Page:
Top Tips to Know About Unoccupied House Insurance During the Probate Process

Probate is the process of examining and transferring the assets of a deceased person’s estate. A probate court often examines a property owner’s assets when he dies. The court makes the ultimate decision on how assets are divided and distributed to beneficiaries. Frequently, this will include real estate.

House keys

Most standard house insurance plans provide that if a property is left unoccupied for more than a specified length of time, generally 30 to 90 days depending on the policy, coverage will be lowered or even cancelled. In this case, it’s usually a good idea to get unoccupied house insurance coverage.

A vacant house will require specialized home insurance during probate since the danger of damage from basic maintenance concerns like water leaks, and the chance of break-in and vandalism is increased.

Unoccupied Property Insurance During the Probate Process

When someone dies, an administrator or executor is in charge of gathering and dispersing the deceased’s assets. Because such homes are frequently left vacant for long periods, traditional home insurance is not as useful.

The executor/administrator is responsible for safeguarding the deceased’s assets, and they need probate home insurance. This process requires specialized coverage, which is commonly referred to as Unoccupied Property Insurance.

Is It Possible for a Person to Cover Property That Isn’t in Their Name?

If you want to receive this kind of coverage, you’ll need to show that you have an “insurable interest” in the property. The insurance can bear your name with other beneficiaries listed as extra policyholders (typically as a trustee or executor).

Why is it more expensive to insure an empty house?

Vacant properties are more vulnerable than inhabited ones. Even homes that are well taken care of may swiftly deteriorate if no one is there to identify problems, such as leaks, and repair them before they do too much harm. Burglary and vandalization are more likely to occur in vacant homes. Insurers may require you to examine the property (or have an agent assess it) every seven days, as well as to install an alarm system or replace the locks.

The insurance cost for unoccupied houses varies depending on the provider and policy. If the property is located in a high-crime area, for example, your insurance rate will most likely reflect this. When looking for a policy, it’s also a good idea to compare the policy covers of different insurers to make sure they’re comparable, as the additional policy covers typically mean a little higher cost.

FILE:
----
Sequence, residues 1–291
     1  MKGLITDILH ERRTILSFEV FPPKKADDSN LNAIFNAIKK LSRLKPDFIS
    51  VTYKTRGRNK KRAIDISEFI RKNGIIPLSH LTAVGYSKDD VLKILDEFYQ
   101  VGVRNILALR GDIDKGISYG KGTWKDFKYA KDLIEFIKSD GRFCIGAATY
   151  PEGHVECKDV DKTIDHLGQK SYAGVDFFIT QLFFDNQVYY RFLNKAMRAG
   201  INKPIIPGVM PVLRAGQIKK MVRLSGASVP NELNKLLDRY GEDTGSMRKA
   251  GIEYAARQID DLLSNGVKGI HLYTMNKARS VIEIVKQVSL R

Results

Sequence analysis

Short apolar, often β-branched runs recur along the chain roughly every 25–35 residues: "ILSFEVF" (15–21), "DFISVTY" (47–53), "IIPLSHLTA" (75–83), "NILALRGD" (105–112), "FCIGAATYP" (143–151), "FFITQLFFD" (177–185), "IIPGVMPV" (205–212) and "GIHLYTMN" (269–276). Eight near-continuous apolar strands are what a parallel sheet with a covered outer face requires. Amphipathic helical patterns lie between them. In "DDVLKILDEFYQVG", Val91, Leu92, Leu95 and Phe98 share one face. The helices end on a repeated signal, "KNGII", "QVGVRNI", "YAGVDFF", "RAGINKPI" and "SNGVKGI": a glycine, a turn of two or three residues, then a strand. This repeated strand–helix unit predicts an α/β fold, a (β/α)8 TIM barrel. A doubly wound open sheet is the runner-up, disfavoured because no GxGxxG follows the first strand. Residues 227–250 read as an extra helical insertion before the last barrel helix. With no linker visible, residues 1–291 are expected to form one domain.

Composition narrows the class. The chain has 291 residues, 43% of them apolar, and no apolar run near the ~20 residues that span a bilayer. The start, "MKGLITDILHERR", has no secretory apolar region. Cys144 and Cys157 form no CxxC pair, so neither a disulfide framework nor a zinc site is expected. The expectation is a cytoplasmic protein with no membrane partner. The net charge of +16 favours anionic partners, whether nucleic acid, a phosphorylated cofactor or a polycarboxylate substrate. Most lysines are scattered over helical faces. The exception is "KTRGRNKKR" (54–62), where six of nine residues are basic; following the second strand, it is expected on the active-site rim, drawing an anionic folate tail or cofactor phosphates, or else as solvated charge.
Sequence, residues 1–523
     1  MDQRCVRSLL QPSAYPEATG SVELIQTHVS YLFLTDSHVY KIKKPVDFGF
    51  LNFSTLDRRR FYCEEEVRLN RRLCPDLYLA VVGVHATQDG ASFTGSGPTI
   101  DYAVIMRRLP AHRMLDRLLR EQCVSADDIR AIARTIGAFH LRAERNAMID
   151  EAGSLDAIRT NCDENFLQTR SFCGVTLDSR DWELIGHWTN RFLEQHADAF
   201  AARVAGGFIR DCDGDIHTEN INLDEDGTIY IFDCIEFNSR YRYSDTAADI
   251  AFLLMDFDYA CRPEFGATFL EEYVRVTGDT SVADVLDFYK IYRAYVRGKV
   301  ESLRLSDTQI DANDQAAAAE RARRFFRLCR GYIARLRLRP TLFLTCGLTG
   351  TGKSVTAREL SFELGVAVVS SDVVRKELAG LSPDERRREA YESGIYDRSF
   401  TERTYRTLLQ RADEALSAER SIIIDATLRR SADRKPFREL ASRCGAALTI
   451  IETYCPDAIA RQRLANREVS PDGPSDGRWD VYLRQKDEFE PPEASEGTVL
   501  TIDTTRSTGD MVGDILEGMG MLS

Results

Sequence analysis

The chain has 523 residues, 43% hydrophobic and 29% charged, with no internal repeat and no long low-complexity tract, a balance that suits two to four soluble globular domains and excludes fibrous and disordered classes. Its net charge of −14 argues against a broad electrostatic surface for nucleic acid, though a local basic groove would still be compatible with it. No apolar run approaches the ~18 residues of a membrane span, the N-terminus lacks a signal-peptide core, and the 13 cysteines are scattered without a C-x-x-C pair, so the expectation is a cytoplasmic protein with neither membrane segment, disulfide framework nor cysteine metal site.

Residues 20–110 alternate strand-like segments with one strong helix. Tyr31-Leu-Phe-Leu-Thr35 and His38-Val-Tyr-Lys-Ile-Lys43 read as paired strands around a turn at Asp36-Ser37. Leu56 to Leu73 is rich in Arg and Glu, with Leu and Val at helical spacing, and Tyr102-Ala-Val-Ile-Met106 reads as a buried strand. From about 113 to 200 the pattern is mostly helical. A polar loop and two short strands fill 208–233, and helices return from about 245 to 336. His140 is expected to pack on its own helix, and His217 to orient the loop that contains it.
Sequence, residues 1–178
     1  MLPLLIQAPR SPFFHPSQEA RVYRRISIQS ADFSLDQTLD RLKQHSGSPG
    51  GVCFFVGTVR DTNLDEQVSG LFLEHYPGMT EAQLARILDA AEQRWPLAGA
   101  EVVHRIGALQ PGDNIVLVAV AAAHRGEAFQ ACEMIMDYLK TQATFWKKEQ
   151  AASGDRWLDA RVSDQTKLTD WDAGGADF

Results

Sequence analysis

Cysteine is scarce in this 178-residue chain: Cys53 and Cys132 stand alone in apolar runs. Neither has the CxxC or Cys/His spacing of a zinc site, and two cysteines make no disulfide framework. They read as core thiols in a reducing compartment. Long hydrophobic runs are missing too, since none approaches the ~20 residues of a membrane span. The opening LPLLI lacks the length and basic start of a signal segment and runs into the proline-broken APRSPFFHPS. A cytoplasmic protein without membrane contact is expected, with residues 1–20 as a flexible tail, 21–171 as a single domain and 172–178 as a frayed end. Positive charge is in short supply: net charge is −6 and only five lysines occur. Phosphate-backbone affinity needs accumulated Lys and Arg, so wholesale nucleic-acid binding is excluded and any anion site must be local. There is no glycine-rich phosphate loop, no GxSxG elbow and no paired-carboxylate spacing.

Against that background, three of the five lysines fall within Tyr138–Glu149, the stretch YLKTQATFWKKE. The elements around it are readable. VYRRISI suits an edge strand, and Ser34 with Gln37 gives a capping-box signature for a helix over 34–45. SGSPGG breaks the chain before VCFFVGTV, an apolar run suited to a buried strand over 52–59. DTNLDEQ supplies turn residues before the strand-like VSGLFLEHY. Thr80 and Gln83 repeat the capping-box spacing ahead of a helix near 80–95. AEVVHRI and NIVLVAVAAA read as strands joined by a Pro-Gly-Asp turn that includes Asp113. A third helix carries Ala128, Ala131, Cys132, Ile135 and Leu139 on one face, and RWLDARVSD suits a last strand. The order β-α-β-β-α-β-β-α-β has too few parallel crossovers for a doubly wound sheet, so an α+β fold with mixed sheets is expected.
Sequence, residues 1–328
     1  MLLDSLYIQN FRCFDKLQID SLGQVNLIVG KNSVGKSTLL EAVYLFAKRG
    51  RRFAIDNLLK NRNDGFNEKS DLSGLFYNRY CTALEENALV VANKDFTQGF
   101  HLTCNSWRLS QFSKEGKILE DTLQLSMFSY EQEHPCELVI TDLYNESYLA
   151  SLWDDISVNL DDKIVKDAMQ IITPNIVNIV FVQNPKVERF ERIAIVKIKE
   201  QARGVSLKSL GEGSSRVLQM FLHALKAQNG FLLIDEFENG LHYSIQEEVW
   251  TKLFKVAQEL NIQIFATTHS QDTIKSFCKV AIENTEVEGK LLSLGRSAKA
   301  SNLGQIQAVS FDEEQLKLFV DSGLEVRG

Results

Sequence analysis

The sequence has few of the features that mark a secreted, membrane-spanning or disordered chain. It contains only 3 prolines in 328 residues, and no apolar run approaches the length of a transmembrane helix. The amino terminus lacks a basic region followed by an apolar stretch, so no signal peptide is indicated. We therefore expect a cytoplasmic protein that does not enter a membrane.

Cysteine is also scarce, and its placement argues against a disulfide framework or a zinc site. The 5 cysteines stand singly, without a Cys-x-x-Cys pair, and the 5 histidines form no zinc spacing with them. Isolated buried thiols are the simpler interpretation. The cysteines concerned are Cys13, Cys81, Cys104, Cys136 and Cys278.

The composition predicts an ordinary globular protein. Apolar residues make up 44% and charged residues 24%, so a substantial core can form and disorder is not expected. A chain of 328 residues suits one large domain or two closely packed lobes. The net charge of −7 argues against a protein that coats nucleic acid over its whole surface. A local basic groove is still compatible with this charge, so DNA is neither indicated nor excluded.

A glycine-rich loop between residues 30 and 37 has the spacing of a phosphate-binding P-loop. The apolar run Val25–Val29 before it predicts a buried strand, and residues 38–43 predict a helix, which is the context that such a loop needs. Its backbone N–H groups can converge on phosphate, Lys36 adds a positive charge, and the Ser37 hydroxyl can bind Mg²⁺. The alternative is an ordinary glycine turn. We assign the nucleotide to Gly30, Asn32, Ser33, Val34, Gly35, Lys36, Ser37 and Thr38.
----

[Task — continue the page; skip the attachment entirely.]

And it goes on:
The length of time the property has been or will be vacant will also affect your premium. After five years, limits usually kick in, limiting your coverage to fire, lightning, earthquakes, and explosions only.

What Does Unoccupied House Insurance Cover?

When a property is left empty after the previous owner passes away, insurance ensures that the basic components of protection are maintained. To put it another way:

  • Structures insurance, which safeguards the structure and fabric of the building.
  • Contents insurance, which protects the contents from theft, loss, or damage.
  • Visitors, neighbours, or members of the public who are injured or have their property destroyed following interaction with the deceased’s empty property – including trespassers who may have entered the house unlawfully – are covered by public liability insurance.

Making a Claim on Your Empty House Insurance

Check with your insurers to see if there are any particular restrictions regarding how to file a claim, such as if you must contact them right away or file a police report.

There are a few more things to think about before filing a claim:

  • Bonus for no-claims: If you haven’t claimed in a long time, insurers may frequently give you a reduction in your rates. If you file a claim, you’ll forfeit the bonus, which means your premiums will almost certainly increase.
  • Excess: The money a person pays toward a claim before an insurer covers the rest is known as the excess. It can be costly in some circumstances, so think about whether it’s better to keep your no-claims bonus and pay for the damage yourself.

Reach out to the Current Home Insurers

As quickly as possible, contact the property’s current home insurance carrier. The business will need to be notified of the homeowner’s death, and a copy of the death certificate may be required. Some insurance providers will prolong a homeowner’s existing coverage until it expires. On the other hand, others may only cover the property for 30 days or terminate the policy immediately.


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